Remember my past post on deregulation of legal services in the UK? Well, as you know, in Canada we are no where near legal services being provided by a local Co-op...but the discussion about deregulation is underway. The Law Society of British Columbia (LSBC)'s Legal Service Provider Task Force, is currently considering some issues which could have significant impact on the way legal services are provided in the future.
A notice on the LSBC website explains that the Task Force has been "exploring whether a single model regulator of legal services is desirable and, if it is desirable, which legal service providers should be regulated, and whether it is the Law Society that should take on that regulatory function."
The Task Force published an interim report in July 2013, which focuses on two main mandates items.
Mandate item 4: "Consider and report on whether it is in the public interest that non-lawyer legal service providers be regulated and if so, whether it is in the public interest that the Law Society should be that regulator."
While the Task Force is still seeking comments and engaging in consultations on this issue, the tone of their interim report suggests that the Task Force is of the preliminary view that regulation of all legal service providers by the LSBC may be in the public interest. For example the report states at p. 10:
"29. The Task Force considered that a single regulator, with a clear public interest mandate, may be able to play a role in educating the public as to the roles of legal service providers and the justice system, thereby improving public confidence in the administration of justice."
Mandate item 5: "Consider and report on whether the recognition and regulation of non-lawyer legal service providers would improve access to law-related services for the public."
The Task Force considered some of the vast amounts of research out there that demonstrates that lawyers alone are failing to provide meaningful access to justice to Canadians. The report notes the tension between deregulation efforts that may increase access and maintaining sufficient regulation to provide the public with "assurances that services are provided by competent and ethical professionals" (p.12).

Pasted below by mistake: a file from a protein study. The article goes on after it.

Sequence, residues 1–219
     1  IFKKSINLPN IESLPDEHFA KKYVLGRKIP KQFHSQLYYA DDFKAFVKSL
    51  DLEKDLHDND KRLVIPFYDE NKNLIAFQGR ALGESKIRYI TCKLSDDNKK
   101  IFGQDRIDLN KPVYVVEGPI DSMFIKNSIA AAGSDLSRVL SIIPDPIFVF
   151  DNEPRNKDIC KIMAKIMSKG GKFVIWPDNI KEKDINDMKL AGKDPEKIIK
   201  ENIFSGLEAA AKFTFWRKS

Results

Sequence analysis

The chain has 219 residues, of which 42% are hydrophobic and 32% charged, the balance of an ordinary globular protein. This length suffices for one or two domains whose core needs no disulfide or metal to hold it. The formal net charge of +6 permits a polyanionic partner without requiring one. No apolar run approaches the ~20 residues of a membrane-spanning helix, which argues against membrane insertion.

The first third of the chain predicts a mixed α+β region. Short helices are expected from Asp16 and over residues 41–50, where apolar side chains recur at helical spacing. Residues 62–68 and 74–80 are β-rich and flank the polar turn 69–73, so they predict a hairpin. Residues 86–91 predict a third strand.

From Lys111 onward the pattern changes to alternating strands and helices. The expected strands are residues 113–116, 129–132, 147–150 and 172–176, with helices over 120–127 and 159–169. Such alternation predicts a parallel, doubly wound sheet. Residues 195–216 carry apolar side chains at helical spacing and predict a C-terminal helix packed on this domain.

The report comments on some of the possible benefits and disadvantages of a single regulator of all legal service providers (pp. 14 and 15). The main benefits included those relating to clarity, uniformity, and increased bargaining power...and disadvantages included possible stifling of innovation and the creation of additional obstacles that other legal service providers would have to overcome in order to achieve governmental reform, to, for example, expand the scope of their practice.
All of these are REAL issues, and are much more complex than can be addressed in this single post. But they are important issues and they do need to be addressed. And it would be awesome if they were addressed with consideration of the views of young lawyers...
So what do you think? Should non-lawyer legal service providers be regulated?And if so, should the Law Society be the one to do it?
What degree and form of regulation is necessary to protect the public interest and at the same time foster increased access to justice?
Would regulation of alternative legal service providers by LSBC strike the right balance?
Or is the public interest better served with less regulation...or a multiple regulator approach?
Would a single regulator approach unduly restrict alternative services providers' ability to meaningfully increase access?
Can regulation foster increased access to justice or does it hinder it, by, for example, preventing non-lawyer legal services providers from providing legal services in alternative, innovative ways?
These are all IMPORTANT questions, which I invite you to consider. The results of this task force and the Law Society's deliberations will have implications on the future of our profession and therefore are immensely important for all young lawyers to consider...and to speak out on.
So put some real thought into it and send your comments in to the Task Force here. Or get in touch with LSBC staff lawyer Doug Munro at email@example.com or 604.605.5313.
If you want to learn a bit more, or prefer to express your views in person, consider attending one of the upcoming discussion consultation meetings. Here is the relevant info:
Vancouver: September 9, 2013, 4 – 6 pm, Waddington Room, Fairmont Hotel, 900 West Georgia Street, Vancouver
Victoria: September 16, 2013, 4 – 6 pm, South Pender Island Room, Hotel Grand Pacific, 463 Belleville Street, Victoria
Prince George: September 18, 2013, 4 – 6 pm, Hedrick Room, Coast Inn of the North, 770 Brunswick Street, Prince George
You can register to attend a consultation meeting here.
These decisions will affect us and if we do not speak out, no one will know our views. So I'm calling out to all young lawyers to engage in this discussion.
The future of this profession is ours. Why not help create it?
Be a driver, not a back seat passenger.